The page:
Canadian Journal of Communication Vol 41 (2016)
©2016 Canadian Journal of Communication Corporation


Harry Archer
University of Colorado Boulder

bookIn the Meantime: Temporality and Cultural Politics. By Sarah Sharma. Durham, NC: Duke University Press, 2014. 196 pp. ISBN: 9780822354772.

The spatial turn in studies of communication and culture opened up new methodologies for critical scholars eager to reveal the inner workings of late capitalism and globalization. Everyday spaces have been explored by scholars such as Morris (1998), Dickinson (2009), and Blair (1999), inspired by the works of Lefebvre (1991), Certeau (1984), Bourdieu (1977), and Benjamin (2002). Sarah Sharma’s book, In the Meantime: Temporality and Cultural Politics, brings forth the notion that for all the work done by spatial rhetorics and imagined geographies, now is the time to redress the balance in our inquiries towards temporality. Where there is much talk of the subject being located in culture and space/place, Sharma encourages readers to think in terms of subjects being calibrated to temporalities, or, in other words, “how individuals and groups synchronize their body clocks, their senses of the future or the present, to an exterior relation” (p. 18). In a Foucauldian tradition, Sharma uses the notion of biopolitics to examine which bodies receive investment and which receive disinvestment in the biopolitical economy of time. In so doing, Sharma continues the project started by Marx (1992) to examine how time structures our abilities to participate in society and democracy. 

According to Sharma, experiences of time, although individualized, intersect with others’ experiences of time to create a grid of temporalities or relations of power upon which discourses are framed. To demonstrate the multitude of different experiences of time, Sharma introduces us to a series of individuals, each occupying different positions of power within a series of enmeshed temporalities. The frequent business traveller, also referred to as Liquid Man, is served by a temporal architecture encapsulated within the contemporary airport.

A temporal architecture is comprised of “technologies, commodities, policies, plans, programs, and the labour of others” (Sharma, p. 139), and these elements combine to keep these valued members of the political economy of time either productive and awake or blissfully asleep so that productivity can resume on awaking. Labour is organized around the liquid to make their movements as smooth and time-saving as possible. Shoe shiners, food and beverage staff, taxi drivers, hotel workers, security screeners, all have very different experiences of time at the airport. Their days are long and their travel to the airport begins very early indeed; their time-labour is directed toward the goal of convenience for the liquid.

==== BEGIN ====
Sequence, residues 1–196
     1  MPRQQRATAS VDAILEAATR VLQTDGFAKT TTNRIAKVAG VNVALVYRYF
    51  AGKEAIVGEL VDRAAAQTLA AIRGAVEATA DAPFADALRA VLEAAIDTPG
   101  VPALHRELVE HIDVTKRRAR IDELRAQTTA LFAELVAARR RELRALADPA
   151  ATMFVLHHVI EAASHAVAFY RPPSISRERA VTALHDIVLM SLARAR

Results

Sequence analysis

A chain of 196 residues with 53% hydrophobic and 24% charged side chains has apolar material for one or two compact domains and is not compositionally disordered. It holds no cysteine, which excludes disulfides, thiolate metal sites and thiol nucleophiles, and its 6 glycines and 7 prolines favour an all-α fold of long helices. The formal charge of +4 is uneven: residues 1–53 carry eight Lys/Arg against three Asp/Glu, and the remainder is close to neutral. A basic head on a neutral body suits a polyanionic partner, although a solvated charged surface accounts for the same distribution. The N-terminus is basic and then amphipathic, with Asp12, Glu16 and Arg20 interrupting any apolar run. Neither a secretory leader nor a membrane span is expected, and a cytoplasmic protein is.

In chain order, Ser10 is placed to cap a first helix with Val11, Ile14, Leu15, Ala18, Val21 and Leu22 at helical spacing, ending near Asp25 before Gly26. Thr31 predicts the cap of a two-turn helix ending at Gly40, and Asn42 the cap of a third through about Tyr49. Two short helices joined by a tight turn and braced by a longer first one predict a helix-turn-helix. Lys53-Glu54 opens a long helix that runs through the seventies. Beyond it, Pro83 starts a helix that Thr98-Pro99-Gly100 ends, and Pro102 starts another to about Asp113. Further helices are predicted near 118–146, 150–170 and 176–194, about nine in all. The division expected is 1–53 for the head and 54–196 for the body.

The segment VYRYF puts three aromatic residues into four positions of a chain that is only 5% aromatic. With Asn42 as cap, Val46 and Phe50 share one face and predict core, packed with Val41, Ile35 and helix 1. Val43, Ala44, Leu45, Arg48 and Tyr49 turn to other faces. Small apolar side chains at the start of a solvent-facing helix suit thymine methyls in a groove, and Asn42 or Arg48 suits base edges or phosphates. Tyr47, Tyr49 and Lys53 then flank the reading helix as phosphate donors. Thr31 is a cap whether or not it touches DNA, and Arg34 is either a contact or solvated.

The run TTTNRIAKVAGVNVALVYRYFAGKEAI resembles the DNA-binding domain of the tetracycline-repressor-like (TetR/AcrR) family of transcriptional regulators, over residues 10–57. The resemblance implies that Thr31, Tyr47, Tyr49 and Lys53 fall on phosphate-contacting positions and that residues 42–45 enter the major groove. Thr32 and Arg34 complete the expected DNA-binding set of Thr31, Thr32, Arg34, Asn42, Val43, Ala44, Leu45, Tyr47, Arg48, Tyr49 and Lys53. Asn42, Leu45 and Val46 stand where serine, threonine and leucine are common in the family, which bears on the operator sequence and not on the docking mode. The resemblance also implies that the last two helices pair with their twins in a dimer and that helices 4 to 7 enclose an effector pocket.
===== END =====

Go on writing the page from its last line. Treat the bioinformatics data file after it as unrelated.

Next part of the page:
Meanwhile, the frequent business travellers utilize a narrative of sped-up time to valorize their own positions in the biopolitical economy of time. This discourse includes being able to keep up-to-speed, maximizing one’s time, and maintaining work-life balance. Sharma accesses these recurring themes through situated ethnographic interviews with a series of frequent flyers. Crucially, she explains how sped-up time is the experience only of those privileged by architectures of temporality such as frequent business flyers, those working in corporate settings, or even the academic staff and faculty of higher education institutions. 

Sharma turns her attention to taxi drivers as individuals subjected to disinvestments by the biopolitical economy of time. In contrast to the liquid travellers who move seamlessly from home to airport to hotel, taxi drivers are constantly recalibrating their bodies to the time needs of others. Day fares demand to be taken across town at top speed when they are running late for meetings, interviews, or flights. In order to re-calibrate to others’ time needs, thereby maximizing meager earnings, drivers will keep unsociable hours, often working twelve-hour shifts in order to take in two rush hours, or one rush hour and the throngs of late night revellers. Consequently, taxi drivers subject themselves to a series of physical discomforts: where frequent business flyers are presented with coffee and immaculate bathrooms at every corner, the taxi drivers of Toronto have difficulty parking their cabs just to stop at a café to serve those same bodily functions. Theirs is “an experience of time that is constantly oriented to the temporal needs of other populations and individuals—the experience of the subordinate subject, a piece of the machine” (Sharma, p. 66). Furthermore, their temporalities, or experiences of lived time, are slower: business only gets slower, shifts longer, and waiting more the norm.